Anyone who's driven through a red-light at night and seen the flash of a camera knows the pain of anticipating the fine in the mail. Since the City of Austin installed its red-light cameras in 2008, more than 28,000 citations have been issued.
In the 2009 and 2010 fiscal years, the city says it raked in almost $1.6 million dollars in fines from red light cameras. After expenses, the profit from those two years was $363,869. The city splits that 50/50 with the state.
Even though these photographic traffic enforcement systems are generating a decent amount of cash for municipalities, some voters and even some lawmakers apparently don't like the "Big Brother" vibe they get from policing by camera.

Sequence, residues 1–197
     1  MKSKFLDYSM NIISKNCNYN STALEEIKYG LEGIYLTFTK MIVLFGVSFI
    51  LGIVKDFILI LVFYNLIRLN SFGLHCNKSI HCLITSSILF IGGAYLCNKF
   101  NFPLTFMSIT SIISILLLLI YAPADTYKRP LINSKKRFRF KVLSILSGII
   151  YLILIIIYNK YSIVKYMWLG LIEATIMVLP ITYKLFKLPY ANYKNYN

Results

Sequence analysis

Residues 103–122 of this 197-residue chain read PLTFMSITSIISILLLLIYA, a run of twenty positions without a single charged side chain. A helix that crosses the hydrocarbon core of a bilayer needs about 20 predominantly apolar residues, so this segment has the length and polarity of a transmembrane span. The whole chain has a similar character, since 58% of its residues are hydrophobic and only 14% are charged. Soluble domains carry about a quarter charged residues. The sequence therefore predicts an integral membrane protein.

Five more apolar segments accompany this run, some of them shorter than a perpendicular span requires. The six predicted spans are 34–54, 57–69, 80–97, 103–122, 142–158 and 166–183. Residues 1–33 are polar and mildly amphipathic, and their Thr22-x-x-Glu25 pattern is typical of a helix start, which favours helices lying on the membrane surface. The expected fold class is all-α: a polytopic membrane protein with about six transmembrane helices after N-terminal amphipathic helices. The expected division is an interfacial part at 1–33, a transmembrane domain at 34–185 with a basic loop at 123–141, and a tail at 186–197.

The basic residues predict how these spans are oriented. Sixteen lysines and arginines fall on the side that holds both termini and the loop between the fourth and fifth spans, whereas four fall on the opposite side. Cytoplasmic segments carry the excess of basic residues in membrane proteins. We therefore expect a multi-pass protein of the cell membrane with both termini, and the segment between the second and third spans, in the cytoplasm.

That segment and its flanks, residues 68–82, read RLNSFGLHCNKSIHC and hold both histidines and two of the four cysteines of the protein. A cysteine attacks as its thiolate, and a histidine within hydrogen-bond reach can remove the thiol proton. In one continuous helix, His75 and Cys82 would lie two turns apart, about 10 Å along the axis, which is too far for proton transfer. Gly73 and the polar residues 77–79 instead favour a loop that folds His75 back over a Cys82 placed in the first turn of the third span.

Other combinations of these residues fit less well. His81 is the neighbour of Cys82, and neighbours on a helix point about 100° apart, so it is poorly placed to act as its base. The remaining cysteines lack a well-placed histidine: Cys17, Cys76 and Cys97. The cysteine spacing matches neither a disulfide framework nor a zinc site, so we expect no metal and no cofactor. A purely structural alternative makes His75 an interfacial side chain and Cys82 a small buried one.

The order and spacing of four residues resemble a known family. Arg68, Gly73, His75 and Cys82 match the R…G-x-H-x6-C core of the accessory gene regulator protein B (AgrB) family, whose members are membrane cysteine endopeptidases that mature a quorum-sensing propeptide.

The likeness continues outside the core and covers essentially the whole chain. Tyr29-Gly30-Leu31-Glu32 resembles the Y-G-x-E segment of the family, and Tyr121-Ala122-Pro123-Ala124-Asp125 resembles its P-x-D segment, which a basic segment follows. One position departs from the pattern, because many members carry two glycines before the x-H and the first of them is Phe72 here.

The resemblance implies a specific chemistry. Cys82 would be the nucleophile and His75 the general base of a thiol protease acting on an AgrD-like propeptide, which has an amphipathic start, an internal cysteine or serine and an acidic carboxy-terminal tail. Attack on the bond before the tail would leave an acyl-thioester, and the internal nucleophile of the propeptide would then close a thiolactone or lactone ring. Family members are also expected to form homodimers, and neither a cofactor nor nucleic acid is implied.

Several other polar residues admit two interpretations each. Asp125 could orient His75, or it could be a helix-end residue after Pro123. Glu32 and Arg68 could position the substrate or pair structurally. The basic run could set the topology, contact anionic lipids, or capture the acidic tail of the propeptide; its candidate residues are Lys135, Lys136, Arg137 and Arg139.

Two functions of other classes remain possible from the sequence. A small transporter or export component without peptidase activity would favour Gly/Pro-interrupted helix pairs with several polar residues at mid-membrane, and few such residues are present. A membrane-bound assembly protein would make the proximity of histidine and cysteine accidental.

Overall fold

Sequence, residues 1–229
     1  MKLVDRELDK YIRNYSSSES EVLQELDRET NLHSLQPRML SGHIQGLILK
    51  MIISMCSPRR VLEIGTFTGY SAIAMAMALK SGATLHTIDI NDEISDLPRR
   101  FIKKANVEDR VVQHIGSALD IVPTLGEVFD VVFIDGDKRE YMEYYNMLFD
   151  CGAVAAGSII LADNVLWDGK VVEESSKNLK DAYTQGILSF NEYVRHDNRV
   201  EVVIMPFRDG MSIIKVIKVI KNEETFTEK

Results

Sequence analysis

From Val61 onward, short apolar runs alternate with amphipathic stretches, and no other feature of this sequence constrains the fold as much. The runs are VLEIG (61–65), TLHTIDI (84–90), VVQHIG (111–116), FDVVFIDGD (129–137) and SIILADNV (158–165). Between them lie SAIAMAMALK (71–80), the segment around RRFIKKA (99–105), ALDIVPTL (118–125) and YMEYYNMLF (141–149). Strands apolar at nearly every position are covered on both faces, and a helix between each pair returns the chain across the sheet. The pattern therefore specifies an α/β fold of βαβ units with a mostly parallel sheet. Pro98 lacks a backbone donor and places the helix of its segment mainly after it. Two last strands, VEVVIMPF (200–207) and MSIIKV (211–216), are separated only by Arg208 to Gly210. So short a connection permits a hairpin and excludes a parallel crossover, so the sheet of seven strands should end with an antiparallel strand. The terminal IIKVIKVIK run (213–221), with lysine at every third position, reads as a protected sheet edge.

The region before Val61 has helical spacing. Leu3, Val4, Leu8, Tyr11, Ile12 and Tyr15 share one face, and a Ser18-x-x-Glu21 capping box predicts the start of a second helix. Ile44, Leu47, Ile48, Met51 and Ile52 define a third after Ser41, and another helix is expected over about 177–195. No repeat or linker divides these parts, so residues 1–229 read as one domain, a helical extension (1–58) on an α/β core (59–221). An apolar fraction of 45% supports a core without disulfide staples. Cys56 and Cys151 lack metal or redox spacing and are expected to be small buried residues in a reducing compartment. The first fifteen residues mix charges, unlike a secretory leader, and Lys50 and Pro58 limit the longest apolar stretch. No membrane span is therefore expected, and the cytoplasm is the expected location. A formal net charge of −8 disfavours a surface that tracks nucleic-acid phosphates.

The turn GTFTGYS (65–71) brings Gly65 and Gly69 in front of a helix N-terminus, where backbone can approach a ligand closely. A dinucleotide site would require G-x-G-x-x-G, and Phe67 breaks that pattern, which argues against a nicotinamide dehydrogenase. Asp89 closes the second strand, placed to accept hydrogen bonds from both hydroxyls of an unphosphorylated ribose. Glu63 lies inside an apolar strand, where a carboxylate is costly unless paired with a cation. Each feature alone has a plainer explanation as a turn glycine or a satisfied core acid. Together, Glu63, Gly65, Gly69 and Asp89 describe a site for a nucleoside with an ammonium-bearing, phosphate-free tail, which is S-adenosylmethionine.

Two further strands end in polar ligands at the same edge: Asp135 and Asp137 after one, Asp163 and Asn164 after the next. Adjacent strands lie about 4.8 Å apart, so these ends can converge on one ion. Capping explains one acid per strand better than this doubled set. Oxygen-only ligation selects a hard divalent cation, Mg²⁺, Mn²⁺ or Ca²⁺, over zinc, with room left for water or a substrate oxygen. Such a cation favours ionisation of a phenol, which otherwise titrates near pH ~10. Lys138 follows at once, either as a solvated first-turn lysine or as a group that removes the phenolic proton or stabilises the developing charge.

The Dallas Morning News reported this week that the same brand of anti-government Tea Party sentiment that swept ballot boxes on November 2 seems to be pushing red-light cameras out of intersections.
Legislators in Austin, who almost passed a statewide camera ban in 2009, have pledged to take up the issue again next year.
"This, to me, destroys any argument that the cameras are, somehow, popular," said Byron Schirmbeck, who successfully pushed for a ballot initiative in Baytown, Texas, opposing the cameras.
Acting on that vote, Baytown this week passed an ordinance making it difficult for the city to issue camera violations. Houston turned off its 70 cameras Monday, spurring a lawsuit between the city and Arizona-based camera vendor American Traffic Solutions.
Our reporting partners the Texas Tribune created this bubble chart to visualize red-light camera revenues that went to cities and counties since 2007. As you can see, the profit generated by the camera is no small chunk of change. The Trib also put up this map showing the location of every red-light camera in the state.